Victoria Hunter

This entry addresses and encompasses dance and movement responses arising from within, and as, body-world material engagements or entanglements. It does not address dance performance products per se but rather the processual employment of dance, movement or dance-like movement as a form of inquiry, a research tool, practice, or mode of doing research. Through the practice different actors, materials and entities contribute to an entangled process of 'becoming-with' one another in a co-constitutive manner in which "all together the players evoke, trigger, and call forth what-and-who-exists" (Haraway, 2016, p. 16). The players in this context consist of dancing-moving humans, material sites, energies atmospheres and affects and the material components of dance movement practice such as motion, effort, tension and rhythm.

Dance movement can be conceived as a phenomenon or doing that incorporates and generates embodied knowledge, movement know-how and a form of corporeality that facilitates awareness and understanding of relational encounters. Considered through a new materialist lens dance practice is conceived therefore as a composite and, following Maxine Sheets-Johnstone's (1966) phenomenologically informed characterization of dance as 'Forcetimespace', I suggest that we might also come to regard the materials of dance employed and revealed in new materialist practice as 'weightbreathbones', 'motion-stasis-suspension' or any other composite construction that resonates as relevant in light of the particular body-world intra-actions. The complex materiality of dance movement is therefore probed through this lens, this practice, and its ever-changing nature in relation to the context or site of inquiry as the process of 'becoming with' 'calls forth' particular nuanced qualities and characteristics (for example, force, breath, flow). These movement responses arise from and respond to the particular possibilities and demands of the material encounter as it draws on embodied knowledges and evolves on a moment-by-moment basis and the becoming-with ebbs and flows, adjusts, aligns, approaches and retreats in a dance of 'becoming with' the material world.

Through dance and movement inquiry, material-body-world encounters emerge, become known, felt, described and relayed both within and beyond the ephemeral moment of movement/encounter. To follow Donna Haraway (2016), in this mode of research it matters that embodied movement inquiry, dance and corporeal 'utterances' are attended to and selected as the mode of inquiry. It matters that this knowledge is employed to 'tell of' particular intra-actions, to relate relations and to 'world worlds' in this sense (Haraway, 2016, p.12). Human-non-human relations/affects are stirred up through such inquiry physically, corporeally and reflectively through subsequent processes of analysis and evaluation. Taking this position and asserting dance and movement practice as a form of knowing and a mode of knowledge production I am following a philosophical position espoused by theorists such as Erin Manning (2013), Sondra Fraleigh (1987), Maxine Sheets-Johnstone (1966) and Alva Noë (2012) some of whom have developed their viewpoints from phenomenological perspectives. By engaging with new materialist perspectives however kinestheitc and affective knowledge emerging within the practice engages beyond subjective or phenomenological poiesis and extends its 'tentacular' reach (Haraway 2016) beyond an imaginary, impermeable kinesphere to 'seep forth' (Longhurst 2000) into the lived 'hummus' of material world entanglements that Haraway seeks to encourage in her Chthulucenic perspective.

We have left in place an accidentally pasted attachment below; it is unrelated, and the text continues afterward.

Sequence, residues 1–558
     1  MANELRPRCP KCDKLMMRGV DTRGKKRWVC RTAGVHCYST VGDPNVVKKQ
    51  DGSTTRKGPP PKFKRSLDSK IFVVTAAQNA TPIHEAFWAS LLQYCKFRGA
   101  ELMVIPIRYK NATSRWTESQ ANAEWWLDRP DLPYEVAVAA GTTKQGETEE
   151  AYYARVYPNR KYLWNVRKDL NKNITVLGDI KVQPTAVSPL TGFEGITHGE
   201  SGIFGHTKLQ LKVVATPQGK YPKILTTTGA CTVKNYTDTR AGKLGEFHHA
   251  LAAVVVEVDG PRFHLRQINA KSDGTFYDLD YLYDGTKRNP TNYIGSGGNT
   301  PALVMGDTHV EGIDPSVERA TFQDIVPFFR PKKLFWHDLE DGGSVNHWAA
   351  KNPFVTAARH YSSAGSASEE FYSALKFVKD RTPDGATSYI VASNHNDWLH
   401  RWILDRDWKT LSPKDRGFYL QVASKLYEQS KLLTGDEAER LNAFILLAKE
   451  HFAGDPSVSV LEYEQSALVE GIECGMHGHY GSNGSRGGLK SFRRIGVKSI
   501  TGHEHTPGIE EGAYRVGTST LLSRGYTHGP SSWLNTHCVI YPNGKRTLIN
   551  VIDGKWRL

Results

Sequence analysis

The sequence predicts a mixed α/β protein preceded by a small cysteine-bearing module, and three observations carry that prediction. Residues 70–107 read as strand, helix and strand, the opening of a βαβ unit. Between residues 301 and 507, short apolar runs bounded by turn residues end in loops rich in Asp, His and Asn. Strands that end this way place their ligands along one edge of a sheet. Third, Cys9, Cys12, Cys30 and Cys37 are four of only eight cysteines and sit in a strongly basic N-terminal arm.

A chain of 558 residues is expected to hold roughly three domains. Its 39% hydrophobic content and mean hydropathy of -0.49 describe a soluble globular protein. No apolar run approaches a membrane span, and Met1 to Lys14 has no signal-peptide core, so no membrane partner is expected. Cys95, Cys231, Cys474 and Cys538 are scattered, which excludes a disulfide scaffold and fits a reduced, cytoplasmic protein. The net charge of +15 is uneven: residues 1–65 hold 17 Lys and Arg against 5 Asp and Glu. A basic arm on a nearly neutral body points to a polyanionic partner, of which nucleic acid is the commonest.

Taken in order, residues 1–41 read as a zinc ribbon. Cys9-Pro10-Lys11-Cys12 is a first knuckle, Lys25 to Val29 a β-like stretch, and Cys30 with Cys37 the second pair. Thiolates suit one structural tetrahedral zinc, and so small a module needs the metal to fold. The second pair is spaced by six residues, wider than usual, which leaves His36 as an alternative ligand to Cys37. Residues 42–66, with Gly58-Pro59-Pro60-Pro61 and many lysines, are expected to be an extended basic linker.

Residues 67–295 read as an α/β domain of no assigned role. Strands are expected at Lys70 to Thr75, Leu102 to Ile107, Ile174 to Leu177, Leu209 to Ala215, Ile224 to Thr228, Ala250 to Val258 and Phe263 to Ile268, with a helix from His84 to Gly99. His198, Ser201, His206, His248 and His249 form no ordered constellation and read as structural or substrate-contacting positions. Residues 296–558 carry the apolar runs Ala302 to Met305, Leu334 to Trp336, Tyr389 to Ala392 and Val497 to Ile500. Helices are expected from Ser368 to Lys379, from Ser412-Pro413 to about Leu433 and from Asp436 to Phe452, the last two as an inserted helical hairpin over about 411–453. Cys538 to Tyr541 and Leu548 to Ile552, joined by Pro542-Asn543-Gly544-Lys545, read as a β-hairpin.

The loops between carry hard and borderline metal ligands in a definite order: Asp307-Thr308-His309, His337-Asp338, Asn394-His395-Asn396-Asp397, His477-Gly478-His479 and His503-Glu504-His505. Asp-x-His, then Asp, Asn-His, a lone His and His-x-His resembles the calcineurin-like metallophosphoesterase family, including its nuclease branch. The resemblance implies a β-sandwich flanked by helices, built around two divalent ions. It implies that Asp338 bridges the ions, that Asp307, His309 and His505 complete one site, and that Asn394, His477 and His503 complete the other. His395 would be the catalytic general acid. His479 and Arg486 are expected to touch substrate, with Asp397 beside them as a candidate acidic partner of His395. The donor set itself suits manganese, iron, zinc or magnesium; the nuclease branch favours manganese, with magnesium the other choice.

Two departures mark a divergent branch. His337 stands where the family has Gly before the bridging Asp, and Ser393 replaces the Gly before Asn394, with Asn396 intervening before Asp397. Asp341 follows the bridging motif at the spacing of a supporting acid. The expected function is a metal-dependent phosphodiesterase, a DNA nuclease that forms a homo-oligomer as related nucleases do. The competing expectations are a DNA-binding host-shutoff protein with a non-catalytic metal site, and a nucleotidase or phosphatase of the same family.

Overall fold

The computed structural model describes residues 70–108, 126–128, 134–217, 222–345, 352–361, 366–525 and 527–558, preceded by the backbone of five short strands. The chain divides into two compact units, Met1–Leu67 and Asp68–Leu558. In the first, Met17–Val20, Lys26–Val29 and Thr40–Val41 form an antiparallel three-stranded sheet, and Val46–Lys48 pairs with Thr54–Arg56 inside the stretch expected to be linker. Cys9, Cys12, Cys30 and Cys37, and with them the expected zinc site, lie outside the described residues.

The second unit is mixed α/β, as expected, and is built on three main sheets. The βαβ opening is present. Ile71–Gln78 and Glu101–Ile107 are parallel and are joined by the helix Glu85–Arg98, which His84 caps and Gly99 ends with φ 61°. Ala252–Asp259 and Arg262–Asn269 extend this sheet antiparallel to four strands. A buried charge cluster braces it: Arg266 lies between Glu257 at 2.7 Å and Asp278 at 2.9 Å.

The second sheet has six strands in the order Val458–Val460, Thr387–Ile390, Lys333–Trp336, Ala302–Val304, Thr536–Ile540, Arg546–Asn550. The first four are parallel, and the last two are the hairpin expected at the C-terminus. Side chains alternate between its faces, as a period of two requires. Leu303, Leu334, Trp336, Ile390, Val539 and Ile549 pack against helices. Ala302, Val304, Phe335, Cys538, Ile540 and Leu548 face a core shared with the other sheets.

N.B This perspective is expanded further through discussions of New Materialism and site-dance in Hunter, V. Site, Dance and Body: Movement, Materials and Corporeal Engagement (Palgrave: forthcoming 2020)

Keywords: movement, motility, embodiment, corporeality, choreographic inquiry

Haraway, D. (2016) Staying with the Trouble: Making Kin in the Chthulucene, Durham and London: Duke University Press.
Fraleigh, S. (1987) Dance and The Lived Body: A Descriptive Aesthetics. Pittsburgh: University of Pittsburgh Press.
Longhurst, R. (2000) Bodies: Exploring Human Boundaries, London: Routledge.
Manning, E. (2013) Always More than One: Individuation's Dance. Durham and London: Duke University Press.
Noë, A. (2012) Dance as a way of Knowing, (YouTube interview), available online:
Sheets-Johnstone, M., (2009) The Corporeal Turn: An Interdisciplinary Reader. Exeter: Imprint Publishing.

COST Action IS1307 New Materialism: Networking European Scholarship on 'How Matter Comes to Matter'.

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With the changing of societies on local, national and international scales owing to economic, ecological, political and technological developments and crises, a reorganized academic landscape can be observed to be emerging. Scholarship strives to become increasingly interdisciplinary in order to grasp and examine the unfolding complexity of ongoing ecological, socio-cultural and politico-economic changes. Additionally, academics forge... Read more or find out Who's Who

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Genealogies of New Materialisms; examines and intervenes in canonization processes by compiling a web-based bibliography, coordinating the OST 068/13 8 EN... Read more

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New Materialisms Tackling Economical and Identity – Political Crises and Organizational Experiments... Read more


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